Gucci Goes Off The Grid With Sustainable Collection
Gucci turns to a number of talents, including David de Rothschild, to communicate a new green project.
The Italian luxury company will launch on Monday a collection that employs recycled, organic, bio-based and sustainably sourced materials, including the trademarked Econyl, a regenerated nylon made from nylon offcuts and pre- and post-consumer waste, such as abandoned fishing nets and carpets — transforming plastics that harm marine life and old materials that will likely end up in landfills into a new high-quality thread.
Called Off the Grid, this is the first collection by creative director Alessandro Michele as part of the Gucci Circular Lines, an initiative created to support the company’s circular production.
The collection, which comprises genderless luggage, accessories, footwear and ready-to-wear, “is the result of teamwork; everybody brought something to it,” says Michele. “And in the campaign, too, there is this idea of dialogue among people building something new. I imagined that we could build a treehouse in a city centre, all together, like kids playing in the park. Because all of us need to build this house or to find out that our planet exists, even where it seems it’s not there, or it’s far away.”
To mark the launch, Gucci is releasing a global campaign conceived by Michele. Photographer and director Harmony Korine lensed environmentalist and adventurer David de Rothschild alongside Academy Award-winning actress, producer, author and activist Fonda; guitarist, singer-songwriter, record producer and actor Miyavi; Grammy Award-winning rapper, singer and songwriter Lil Nas X, and King Princess, singer, songwriter, instrumentalist and music producer.
“The treehouse and the simple way of life it represents becomes a powerful metaphor for the desire to escape conventional life and enjoy the experience of living more Off the Grid,” states Gucci, noting that the photographs were taken before the Black Lives Matter protests.
Even more acute today in the wake of the coronavirus pandemic and the lockdown in countries around the world, Gucci adds “human beings crave a connection with the outside world and are rightly fascinated by the power and majesty of nature, and highly value the joy there is in being able to live in a natural environment.”
Here is what those photographed had to say about protecting the environment and accountability:
David de Rothschild
“We should maybe look a little bit more aggressively at what is needed to be done, to support a more sustainable future and maybe expedite that pathway and that transition and with that comes, the creation of jobs, comes the creation of resilience, comes to creation of a more, hopefully, robust and healthier relationship with the natural world. And in turn, supports our ability to live on planet Earth, or spaceship Earth I should say.”
“Unanimously climate scientists are telling us we must cut our fossil fuel emissions by half by 2030, that’s in 10 years. And then gradually phase-out of fossil fuels altogether by 2050. While ensuring that the workers in communities that have depended on fossil fuels for their livelihoods are trained for and given family-supporting jobs and benefits. We start by talking to our families, our friends, our colleagues about the climate crisis. Learn more about the climate crisis and talk about it. If you don’t talk about it, why would you care? And if you don’t care, why would you ever act? Then join organisations that are working to stop global warming.”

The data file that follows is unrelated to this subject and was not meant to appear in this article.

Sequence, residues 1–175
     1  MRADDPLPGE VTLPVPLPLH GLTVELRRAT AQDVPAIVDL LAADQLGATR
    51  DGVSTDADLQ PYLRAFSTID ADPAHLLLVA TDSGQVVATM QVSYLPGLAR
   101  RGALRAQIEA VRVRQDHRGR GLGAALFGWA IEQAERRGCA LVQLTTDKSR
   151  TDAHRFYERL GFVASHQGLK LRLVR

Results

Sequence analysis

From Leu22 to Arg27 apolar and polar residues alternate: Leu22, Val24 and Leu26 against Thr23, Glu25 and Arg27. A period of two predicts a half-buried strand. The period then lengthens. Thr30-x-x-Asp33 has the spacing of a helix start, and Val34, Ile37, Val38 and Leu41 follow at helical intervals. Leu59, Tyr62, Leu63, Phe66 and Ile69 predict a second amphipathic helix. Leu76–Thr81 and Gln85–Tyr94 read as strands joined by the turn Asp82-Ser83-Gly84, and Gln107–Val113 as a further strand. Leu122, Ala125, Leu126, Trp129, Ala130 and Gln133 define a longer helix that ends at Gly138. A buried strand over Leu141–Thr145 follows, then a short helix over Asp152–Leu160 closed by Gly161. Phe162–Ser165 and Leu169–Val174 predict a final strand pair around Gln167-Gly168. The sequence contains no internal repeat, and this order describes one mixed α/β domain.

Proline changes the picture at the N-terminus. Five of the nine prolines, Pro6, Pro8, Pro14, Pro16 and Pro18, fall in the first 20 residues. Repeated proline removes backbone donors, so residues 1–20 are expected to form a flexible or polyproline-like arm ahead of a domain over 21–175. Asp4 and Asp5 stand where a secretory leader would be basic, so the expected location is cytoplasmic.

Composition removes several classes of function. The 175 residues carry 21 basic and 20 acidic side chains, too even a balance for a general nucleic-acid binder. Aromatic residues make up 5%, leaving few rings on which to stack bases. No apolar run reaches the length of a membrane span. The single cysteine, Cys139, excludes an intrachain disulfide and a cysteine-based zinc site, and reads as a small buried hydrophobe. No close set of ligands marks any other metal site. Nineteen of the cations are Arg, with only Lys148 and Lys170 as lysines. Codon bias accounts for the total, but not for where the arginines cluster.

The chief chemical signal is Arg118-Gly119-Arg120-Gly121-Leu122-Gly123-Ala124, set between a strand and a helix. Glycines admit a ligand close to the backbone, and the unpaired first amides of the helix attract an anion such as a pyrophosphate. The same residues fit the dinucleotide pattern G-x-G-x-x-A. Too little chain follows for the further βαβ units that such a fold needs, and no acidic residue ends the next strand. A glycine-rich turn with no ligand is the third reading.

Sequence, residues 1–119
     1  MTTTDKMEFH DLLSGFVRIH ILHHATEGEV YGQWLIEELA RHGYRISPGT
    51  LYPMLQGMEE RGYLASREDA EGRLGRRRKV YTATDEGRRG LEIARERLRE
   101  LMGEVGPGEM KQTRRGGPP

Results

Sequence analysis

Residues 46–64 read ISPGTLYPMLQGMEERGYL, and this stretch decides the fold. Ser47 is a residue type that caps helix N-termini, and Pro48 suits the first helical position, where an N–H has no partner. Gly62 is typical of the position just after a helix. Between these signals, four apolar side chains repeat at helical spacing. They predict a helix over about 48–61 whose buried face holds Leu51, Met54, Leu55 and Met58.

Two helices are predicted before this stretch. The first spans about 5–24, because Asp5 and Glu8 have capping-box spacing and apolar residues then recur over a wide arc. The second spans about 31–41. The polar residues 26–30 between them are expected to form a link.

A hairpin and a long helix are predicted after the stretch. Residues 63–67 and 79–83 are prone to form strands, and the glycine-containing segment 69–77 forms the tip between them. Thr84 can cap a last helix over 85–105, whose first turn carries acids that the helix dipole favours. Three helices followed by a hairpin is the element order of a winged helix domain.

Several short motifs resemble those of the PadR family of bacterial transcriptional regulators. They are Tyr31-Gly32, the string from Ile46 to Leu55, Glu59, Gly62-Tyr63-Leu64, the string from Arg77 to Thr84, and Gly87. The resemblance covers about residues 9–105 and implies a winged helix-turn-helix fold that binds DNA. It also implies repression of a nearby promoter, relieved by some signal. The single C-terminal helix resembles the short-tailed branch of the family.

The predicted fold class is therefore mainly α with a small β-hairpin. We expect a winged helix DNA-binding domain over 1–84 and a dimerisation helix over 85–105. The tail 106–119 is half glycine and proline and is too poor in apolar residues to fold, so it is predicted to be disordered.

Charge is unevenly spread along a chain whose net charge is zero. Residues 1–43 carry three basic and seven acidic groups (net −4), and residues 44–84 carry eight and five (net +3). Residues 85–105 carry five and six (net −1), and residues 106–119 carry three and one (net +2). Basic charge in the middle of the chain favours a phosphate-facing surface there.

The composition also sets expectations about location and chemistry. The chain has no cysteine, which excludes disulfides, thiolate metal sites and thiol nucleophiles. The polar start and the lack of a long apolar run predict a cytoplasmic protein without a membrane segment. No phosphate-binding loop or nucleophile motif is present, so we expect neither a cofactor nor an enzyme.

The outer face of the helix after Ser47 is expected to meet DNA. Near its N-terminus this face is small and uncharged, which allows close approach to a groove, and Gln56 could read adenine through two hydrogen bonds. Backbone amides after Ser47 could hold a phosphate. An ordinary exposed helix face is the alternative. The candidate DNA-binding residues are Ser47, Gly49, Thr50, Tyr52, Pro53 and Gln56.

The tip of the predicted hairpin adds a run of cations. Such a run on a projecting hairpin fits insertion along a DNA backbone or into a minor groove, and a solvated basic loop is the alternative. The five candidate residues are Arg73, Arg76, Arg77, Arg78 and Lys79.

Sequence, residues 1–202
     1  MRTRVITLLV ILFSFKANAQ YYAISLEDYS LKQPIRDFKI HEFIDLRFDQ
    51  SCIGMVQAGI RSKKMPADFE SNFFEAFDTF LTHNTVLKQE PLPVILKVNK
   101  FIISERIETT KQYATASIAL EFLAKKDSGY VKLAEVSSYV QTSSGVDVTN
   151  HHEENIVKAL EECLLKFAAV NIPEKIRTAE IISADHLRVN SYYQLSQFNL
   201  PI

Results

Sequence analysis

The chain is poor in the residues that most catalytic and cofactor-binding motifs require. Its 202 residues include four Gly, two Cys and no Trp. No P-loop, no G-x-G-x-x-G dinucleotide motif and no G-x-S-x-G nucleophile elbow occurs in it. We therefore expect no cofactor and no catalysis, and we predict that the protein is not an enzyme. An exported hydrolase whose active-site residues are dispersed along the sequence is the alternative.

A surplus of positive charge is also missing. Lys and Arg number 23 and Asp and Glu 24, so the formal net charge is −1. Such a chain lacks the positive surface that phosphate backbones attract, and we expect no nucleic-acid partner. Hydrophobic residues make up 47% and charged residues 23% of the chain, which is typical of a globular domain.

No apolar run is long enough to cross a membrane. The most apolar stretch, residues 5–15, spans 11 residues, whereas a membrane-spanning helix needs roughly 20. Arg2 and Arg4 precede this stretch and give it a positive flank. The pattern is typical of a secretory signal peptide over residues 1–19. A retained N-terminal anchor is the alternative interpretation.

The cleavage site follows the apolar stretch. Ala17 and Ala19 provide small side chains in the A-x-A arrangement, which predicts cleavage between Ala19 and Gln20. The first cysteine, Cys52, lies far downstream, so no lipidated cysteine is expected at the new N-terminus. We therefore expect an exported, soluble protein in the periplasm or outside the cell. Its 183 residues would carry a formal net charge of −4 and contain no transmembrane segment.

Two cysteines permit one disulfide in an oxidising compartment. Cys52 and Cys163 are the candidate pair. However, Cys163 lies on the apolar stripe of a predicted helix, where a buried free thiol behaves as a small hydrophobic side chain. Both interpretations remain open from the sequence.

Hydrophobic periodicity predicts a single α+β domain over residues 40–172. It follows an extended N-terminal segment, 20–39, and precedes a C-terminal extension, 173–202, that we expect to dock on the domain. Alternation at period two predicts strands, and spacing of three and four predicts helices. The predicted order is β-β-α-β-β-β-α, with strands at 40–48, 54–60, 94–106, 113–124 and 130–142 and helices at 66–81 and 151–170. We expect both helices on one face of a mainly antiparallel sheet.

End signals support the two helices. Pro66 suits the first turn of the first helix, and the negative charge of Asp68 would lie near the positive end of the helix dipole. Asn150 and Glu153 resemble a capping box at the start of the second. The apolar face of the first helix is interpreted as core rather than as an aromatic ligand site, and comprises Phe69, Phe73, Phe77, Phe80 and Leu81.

“As far as environmental education, I believe our education system, as a whole, fails to provide adequate information to kids about what is actually happening to our planet. And, I guess, that leaves people with some sort of platform to encourage this type of learning. I think that Greta Thunberg is a great example of someone who is both entered the media as a teacher and as an icon. She’s extremely important to furthering the conversation. We must hoist up people who are spitting facts about global warming. I know that I’m trying to be a better student and actually listen, take initiative from leaders like Greta.”
“Now I’m an ambassador for the refugee agency, UNHCR, but I play the guitar, and with the guitar, I just realised I can spread the messages or positive vibes to more people. And even people who don’t listen to our speech or whatever, they might listen to our music if the music is cool. So that’s the reason why I became an activist.
“Also I am responsible as an artist. Once you put out your voice to the world with their creation, it’s responsible because people listen to it or people feel it. It might changes somebody’s life, which means even if we can’t change the world right now, we might be able to change people in a good way and then we can head out to the right path. That’s now what I believe as an artist and also an activist.”
Gucci was the first luxury brand to use Econyl threads in its products, beginning in 2016. Other components of Gucci Off the Grid are made from recycled materials and more sustainable alternatives such as metal-free tanned leather, recycled polyester thread and linings, recycled brass, recycled gold and palladium hardware coating, and solvent-free adhesives.
To support a continued cycle, the Econyl offcuts are recovered from Gucci Off the Grid’s manufacturing and then recycled to create new Econyl materials.
As part of Gucci’s 10-year Culture of Purpose strategy, spanning 2015 to 2025, the company plans to reduce its total environmental impact by 40 per cent within its direct operations and across the entire supply chain. It has also pledged to reduce by 50 per cent its greenhouse gas emissions by 2025.
Gucci is ahead of schedule and already close to achieving its 2025 targets, as its results for 2019 reveal a 39 per cent reduction for the house’s combined impacts and a 37 per cent decrease in GHG emissions alone.